If you want to have an effective content marketing strategy, please don’t think that all you need is someone to churn out blog posts. Generating traffic and sales through effective content marketing requires more.

Content marketing is about building content that your customers need. It should be educational, inspiring, and address a pain point that they may have (or just be in the process of discovering they have).

By thinking about who your customer is and what they need before anyone puts pen to paper, you’ll be able to construct a plan for how your articles and blog posts (and social media, web pages, etc) work together. The goal is continual development of assets that grow and generate results over time.

So is your writer the right person to do this? He or she will need to not only put out great content but consider the strategy and marketing of that content. It’s a lot to ask of one person.

Consider instead building an effective content marketing team that’s nimble, complementary, focused, and happy. You’ll get this if you look at having these three roles in the team.

 

1. The Producer: Ensures the content is quality and creative.

  • Purpose: Producing great things
  • Core Skill: Writing
  • Emerging Skills: Audio, design
  • Aspires To: Write a book
  • Potential C-level: Chief Content Officer

2. The Marketer: Ensures the content reaches and converts customers.

  • Purpose: Get great things to people, get people to act on them
  • Core Skill: Demand Generation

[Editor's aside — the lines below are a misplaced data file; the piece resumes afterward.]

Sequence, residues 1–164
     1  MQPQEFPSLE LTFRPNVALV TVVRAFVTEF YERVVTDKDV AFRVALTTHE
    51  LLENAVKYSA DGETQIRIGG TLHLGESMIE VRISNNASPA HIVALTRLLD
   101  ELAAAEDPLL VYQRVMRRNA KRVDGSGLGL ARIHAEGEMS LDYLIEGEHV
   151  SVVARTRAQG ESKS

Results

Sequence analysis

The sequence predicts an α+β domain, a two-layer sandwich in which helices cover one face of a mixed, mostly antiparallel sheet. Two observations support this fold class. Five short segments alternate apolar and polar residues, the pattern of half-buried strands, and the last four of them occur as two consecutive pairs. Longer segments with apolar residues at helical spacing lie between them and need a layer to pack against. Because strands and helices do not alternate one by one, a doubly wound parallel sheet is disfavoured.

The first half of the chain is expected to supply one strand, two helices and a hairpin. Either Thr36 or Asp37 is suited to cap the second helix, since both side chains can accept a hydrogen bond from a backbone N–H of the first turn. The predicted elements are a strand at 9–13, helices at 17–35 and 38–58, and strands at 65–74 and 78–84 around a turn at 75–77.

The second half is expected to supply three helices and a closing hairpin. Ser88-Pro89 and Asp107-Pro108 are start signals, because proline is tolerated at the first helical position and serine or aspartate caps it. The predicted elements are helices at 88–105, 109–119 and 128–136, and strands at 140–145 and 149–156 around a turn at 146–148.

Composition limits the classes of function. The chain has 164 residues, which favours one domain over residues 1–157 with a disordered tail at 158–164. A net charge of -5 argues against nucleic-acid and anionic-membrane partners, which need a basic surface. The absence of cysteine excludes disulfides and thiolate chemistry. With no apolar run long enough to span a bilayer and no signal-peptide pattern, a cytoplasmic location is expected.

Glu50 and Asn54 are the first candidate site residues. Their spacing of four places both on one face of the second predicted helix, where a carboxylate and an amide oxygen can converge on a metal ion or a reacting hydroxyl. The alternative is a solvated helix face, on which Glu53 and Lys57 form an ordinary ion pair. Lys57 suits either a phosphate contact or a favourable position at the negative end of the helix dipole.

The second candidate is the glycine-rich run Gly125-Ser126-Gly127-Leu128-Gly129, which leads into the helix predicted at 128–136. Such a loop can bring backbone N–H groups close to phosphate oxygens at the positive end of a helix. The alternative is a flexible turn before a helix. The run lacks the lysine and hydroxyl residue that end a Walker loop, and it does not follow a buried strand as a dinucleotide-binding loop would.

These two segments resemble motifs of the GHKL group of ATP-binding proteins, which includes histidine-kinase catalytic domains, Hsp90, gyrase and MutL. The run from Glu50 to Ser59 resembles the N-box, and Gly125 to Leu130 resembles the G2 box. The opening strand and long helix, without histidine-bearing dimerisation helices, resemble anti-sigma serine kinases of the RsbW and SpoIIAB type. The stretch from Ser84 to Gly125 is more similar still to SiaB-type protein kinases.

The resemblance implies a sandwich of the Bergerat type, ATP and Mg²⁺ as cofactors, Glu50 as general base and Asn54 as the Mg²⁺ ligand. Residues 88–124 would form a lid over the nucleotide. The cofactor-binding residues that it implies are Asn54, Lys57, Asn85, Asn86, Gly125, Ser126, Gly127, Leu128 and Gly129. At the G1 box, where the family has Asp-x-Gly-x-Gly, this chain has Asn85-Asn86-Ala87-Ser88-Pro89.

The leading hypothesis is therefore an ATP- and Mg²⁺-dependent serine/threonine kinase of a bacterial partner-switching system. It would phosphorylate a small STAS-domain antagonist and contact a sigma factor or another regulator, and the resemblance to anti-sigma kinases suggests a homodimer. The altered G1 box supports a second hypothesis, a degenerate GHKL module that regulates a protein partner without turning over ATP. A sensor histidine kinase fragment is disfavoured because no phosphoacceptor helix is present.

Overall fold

• Emerging Skills: Writing
  • Aspires To: Run a go-to consultancy
  • Potential C-level: Chief Marketing Officer

3. The Strategist: Ensures everything & everyone is working well.

  • Purpose: Company/Team KPI’s
  • Core Skill: Content Strategy
  • Emerging Skills: Leadership, broader business strategy and planning
  • Aspires To: Found a company
  • Potential C-level: Chief Executive Officer

Together this team is balanced between those who think about marketing and those who think about creative.

This way of organising your team offers several benefits.

Autonomy: They don’t all need to sit in meetings all day to figure things out. They have one leader (The Strategist) who can, if needed, jump into a meeting, but you can ideally keep talented minds close to the work.

Complementary: This approach allows people to focus on their core strengths. You’re letting the writer write and the marketer get the message out to the right people.

Nimble: Big, slow teams kill innovation and prevent efficiency in the age of the internet.

Organising in small, complementary teams of happy people is the way to go. And if you’re working in content marketing, its important to think about where your skills and goals lie to ensure you’re working in the area that you’re strongest in.

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